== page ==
If I leave a 'dinky pie' and a vanilla custard, there isn't a crumb left! So I figure, if she's eating SOMETHING it's better than NOTHING. This is not about 'ducking out' or 'letting them eat cake'.... (It takes me longer to detour to her favourite bakery than to rustle up a tuna salad, say!)

Bid, my mum has had bowel problems since the 1960s (Chron's initially). So far, and for so long, medication has allowed her to eat whatever 'diet' is appropriate to her needs... can the GP help?

Behaviourally, I think we have to ask whether the issue is ours or not. I have been in a situation where my first reaction for my mum's 'table manners' (lack of) was embarrassment and then 'to hell and be damned, anyone who's staring.... (from another table) ....she's doing bloody well to even be here!' I resisted the urge to have to explain for what they clearly (tut-tutting) perceived as my mother's 'incompetency' (I think they thought she was drunk) - dribbling her food, etc.

There comes a point, I guess, where if the behaviour seems 'socially unacceptable' (I hate that phrase but sorry can't think of a better one just now) where you simply have to say "this is too uncomfortable and we don't do this anymore"). Certainly I reached that stage with my dad some years ago and we simply did not 'eat out' - for all our sakes. How we all deal with these situations in our 'own homes' or behind our 'family doors' is for us to decide as appropriate to the one we love who needs the appropriate (not tut-tutting) attention... (which, of course, they may or may not realise for themselves - but if they did would be horrified about)

Sorry, not sure that's much help, other than to say, I'm here, listening and kinda understanding..

Love, TF
 

Lynne

Registered User
Jun 3, 2005
3,433
Suffolk,England
bid said:
Also, we are all having difficulty with how to deal with his behaviour in general. I work with young adults with severe learning difficulties, but I don't know whether the strategies I would use at work are appropriate to use with someone who has dementia, if that makes sense. For example, yesterday he spat out a lot of food onto the table, ignoring the tissues he had been given. Now, at work, if one of my students did something like this I would firmly but kindly insist that they clear it up as best they could. But is it appropriate to do this with someone with dementia??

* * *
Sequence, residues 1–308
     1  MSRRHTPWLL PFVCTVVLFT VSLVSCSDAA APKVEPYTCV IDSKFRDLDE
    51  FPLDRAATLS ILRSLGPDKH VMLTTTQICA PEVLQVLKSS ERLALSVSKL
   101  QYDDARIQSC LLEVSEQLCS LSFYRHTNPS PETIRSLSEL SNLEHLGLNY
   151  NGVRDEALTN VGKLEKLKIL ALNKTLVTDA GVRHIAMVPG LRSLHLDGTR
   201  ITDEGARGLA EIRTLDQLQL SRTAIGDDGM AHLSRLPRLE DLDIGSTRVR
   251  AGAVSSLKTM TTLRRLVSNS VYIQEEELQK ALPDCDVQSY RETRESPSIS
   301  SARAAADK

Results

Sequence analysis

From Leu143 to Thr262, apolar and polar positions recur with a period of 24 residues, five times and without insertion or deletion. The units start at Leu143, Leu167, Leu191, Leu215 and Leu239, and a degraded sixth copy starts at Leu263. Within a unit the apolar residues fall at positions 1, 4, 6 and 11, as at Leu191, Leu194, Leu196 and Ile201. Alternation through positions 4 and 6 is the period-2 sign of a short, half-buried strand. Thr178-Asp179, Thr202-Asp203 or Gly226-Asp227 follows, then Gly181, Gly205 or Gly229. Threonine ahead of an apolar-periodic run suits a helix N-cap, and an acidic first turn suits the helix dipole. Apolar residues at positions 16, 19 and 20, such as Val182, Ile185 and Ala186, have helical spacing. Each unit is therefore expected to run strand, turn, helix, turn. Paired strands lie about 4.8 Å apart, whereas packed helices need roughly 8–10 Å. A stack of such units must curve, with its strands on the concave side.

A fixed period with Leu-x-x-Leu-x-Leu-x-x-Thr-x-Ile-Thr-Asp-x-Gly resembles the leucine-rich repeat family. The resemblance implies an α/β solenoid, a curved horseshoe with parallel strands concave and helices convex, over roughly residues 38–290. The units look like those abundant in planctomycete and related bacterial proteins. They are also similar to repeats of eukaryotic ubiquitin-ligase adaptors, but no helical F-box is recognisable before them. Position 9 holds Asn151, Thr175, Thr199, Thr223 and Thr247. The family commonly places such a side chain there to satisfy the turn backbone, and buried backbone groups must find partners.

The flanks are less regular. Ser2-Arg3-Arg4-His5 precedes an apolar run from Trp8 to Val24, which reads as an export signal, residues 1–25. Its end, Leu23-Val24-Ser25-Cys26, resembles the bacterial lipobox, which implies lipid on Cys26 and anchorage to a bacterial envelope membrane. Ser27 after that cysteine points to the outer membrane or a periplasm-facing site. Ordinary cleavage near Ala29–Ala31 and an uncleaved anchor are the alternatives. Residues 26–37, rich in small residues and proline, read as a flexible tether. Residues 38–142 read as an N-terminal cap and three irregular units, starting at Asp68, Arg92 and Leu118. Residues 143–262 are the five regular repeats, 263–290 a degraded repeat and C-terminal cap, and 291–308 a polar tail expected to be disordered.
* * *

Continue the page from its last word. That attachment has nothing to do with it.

Bid
Reference the above, I would say give it a try (the discipline strategy). It can't do any lasting harm can it, at worst an argument, probably soon forgotten. (Although from experience I know that my Mum forgets the things I wish she'd remember, and remembers things I wish she'd forget!)

There have been several threads about childlike behaviour and tantrums, and opinions & experience seem fairly evenly divided as to whether "they can't help it (so let them get away with it)" and "I don't stand for that, I correct him/her"
I haven't experience of this situation myself, but I think your Dad would tolerate correction better from you than from your Mum. If it is a 'power-struggle' thing, then it's more likely to be your Mum who he is trying to get at through this sort of behaviour.

Best wishes
 

Michael E

Registered User
Apr 14, 2005
619
Ronda Spain
I come from the 'hard' side of the forum but I never chastise Monique for the things she can't help.. dropping food on the floor (never wine!!!!!) putting half masticated food she does not like on the table instead of the side of the plate - crapping in the bidet rather than he WC..... spilling coffee or coke when she tries to move them ... I sort of count all that as being the way it is - and what the hell.......

I get defensive with mind games - emotional demands which I feel are manipulative and unreasonable... I think she tries to make me do what she wants whatever the consequences and as we are in this together for the duration when pushed to far I just tell it as it is and make it clear that if she wants me around then she has to allow me some choice..... as well

Maybe the firmly but kindly approach is fine but I suspect any lesson learned in minute one is forgotten by minute 10... Suspect that is the main difference...

Michael
 

connie

Registered User
Mar 7, 2004
9,519
Frinton-on-Sea
Michael, totally with you on this one.

I use the approach "some you win, some you lose" but it is always worth trying.

One day I may beat the odds. Love Connie